When this bill was introduced in 2018, it was supported by American Commitment, Americans for Tax Reform, Coalition to Reduce Spending, FreedomWorks, National Taxpayers Union, Project on Government Oversight, 60 Plus Association, Taxpayers for Common Sense, Taxpayers Protection Alliance.
Of Note: Under current law, only federal agencies that directly manage programs making beneficiary payments have access to complete death data, so most federal agencies rely on a slimmed-down, incomplete and less timely version of the Death Master File. This results in many federal agencies making erroneous payments to people who are actually deceased.
Improper payments have been a frequent criticism of wasteful spending in government. In 2015, a Government Accountability Office (GAO) report estimated that federal agencies disbursed nearly $125 billion in improper payments to ineligible recipients in FY 2014. In FY 2016, it was estimated that improper payments throughout the federal government total over $144 billion. While the Trump administration hasn’t published a government-wide improper payment rate for FY 2017, the GAO and others report that the improper payment rate is essentially unchanged, at $141 billion.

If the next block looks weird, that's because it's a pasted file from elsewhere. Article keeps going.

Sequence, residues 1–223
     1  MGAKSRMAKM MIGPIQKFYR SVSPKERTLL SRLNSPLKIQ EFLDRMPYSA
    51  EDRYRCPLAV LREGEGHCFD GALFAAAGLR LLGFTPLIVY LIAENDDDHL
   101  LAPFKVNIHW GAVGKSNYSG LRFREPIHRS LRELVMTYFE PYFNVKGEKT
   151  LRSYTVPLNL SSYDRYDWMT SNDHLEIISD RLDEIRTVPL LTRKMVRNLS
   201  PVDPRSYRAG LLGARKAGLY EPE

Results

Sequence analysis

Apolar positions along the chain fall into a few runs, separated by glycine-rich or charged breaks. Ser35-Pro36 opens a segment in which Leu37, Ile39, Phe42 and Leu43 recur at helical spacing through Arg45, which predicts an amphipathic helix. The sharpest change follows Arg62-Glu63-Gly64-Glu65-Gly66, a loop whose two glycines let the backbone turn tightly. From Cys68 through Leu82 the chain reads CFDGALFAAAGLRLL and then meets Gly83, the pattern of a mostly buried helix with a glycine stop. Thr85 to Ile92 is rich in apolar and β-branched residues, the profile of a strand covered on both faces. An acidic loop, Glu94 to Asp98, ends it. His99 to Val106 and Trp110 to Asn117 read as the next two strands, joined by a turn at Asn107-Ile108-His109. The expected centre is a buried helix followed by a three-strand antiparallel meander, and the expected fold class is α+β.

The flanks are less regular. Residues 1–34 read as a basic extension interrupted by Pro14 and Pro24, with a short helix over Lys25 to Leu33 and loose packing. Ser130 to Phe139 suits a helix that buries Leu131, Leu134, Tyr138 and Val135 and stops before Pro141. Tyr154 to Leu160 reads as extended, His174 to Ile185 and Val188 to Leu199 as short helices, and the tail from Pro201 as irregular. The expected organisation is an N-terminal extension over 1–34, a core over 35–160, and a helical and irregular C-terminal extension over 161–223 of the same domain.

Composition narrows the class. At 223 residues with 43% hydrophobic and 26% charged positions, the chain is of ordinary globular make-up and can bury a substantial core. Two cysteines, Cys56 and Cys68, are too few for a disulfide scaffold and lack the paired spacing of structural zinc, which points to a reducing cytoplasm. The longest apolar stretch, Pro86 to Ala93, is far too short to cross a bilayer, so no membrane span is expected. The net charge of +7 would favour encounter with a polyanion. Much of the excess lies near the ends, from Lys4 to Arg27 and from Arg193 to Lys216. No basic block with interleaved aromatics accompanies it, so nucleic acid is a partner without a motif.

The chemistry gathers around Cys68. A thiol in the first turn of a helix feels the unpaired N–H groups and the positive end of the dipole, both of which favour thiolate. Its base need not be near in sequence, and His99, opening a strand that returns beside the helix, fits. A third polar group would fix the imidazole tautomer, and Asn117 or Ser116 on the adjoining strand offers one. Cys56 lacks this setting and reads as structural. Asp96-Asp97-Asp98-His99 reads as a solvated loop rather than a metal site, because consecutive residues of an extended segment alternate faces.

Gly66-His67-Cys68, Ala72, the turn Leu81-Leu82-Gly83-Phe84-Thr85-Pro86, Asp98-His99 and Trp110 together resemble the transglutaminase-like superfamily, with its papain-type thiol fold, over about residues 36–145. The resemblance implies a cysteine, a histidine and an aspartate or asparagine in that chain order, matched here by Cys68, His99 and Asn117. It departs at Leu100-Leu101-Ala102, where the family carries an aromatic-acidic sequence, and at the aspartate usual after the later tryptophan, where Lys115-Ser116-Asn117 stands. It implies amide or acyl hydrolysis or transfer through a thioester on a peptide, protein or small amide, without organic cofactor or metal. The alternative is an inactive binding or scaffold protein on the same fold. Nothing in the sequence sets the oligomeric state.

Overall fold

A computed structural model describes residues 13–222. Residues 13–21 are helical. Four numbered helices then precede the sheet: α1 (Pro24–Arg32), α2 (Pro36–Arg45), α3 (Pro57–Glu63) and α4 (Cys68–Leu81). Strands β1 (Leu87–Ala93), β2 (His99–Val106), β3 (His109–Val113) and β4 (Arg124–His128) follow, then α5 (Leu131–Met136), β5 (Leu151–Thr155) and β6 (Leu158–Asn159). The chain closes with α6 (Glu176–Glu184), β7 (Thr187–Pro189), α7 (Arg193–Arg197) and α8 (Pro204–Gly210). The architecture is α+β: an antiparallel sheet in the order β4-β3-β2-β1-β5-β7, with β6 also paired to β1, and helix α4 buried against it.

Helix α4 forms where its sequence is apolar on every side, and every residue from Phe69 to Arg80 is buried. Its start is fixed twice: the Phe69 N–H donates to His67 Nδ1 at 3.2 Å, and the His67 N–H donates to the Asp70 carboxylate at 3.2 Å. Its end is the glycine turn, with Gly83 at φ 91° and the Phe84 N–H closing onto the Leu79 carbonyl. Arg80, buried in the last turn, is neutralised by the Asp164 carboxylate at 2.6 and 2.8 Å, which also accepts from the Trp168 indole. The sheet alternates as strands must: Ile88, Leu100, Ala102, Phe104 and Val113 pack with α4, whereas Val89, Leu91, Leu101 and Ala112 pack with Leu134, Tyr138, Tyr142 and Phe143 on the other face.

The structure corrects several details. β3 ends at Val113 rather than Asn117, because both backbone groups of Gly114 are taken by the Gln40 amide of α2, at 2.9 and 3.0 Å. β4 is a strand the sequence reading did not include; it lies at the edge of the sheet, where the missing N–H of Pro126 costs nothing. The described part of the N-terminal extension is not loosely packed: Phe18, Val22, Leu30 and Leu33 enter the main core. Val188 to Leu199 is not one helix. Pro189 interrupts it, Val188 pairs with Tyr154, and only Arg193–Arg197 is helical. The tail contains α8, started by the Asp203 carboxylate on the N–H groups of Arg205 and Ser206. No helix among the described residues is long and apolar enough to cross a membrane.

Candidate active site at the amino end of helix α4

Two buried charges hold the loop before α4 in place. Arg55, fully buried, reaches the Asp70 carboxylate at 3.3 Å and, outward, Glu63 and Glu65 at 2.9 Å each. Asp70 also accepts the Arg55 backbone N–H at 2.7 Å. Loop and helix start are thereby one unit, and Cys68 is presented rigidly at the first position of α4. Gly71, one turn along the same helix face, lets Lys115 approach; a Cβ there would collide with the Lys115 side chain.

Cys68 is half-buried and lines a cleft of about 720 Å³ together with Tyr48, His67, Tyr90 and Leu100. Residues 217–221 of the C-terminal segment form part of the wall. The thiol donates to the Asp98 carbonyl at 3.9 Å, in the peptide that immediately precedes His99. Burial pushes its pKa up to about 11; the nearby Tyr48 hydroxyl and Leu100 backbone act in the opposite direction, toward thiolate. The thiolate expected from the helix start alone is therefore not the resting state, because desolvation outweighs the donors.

In a 2011 report, the Office of Personnel Management Inspector General found that $601 million in improper payments were made to federal retirees who’d died over the previous five years. In one case, the SSA made $381,000 in payments through 2018 to the account of a beneficiary who died in 1974.
In 2015, Sen. James Lankford (R-OK) released a report, “Federal Fumbles: 100 Ways the Government Dropped the Ball,” in which he noted that an analysis of SSA files showed approximately 6.5 million people aged 112 or older as still alive — which Sen. Lankford’s office termed “an unlikely probability.” For context, historical databases indicate that there are fewer than 100 living people on Earth over the age of 112.
Summary by Lorelei Yang(Photo Credit: iStockphoto.com / BackyardProduction)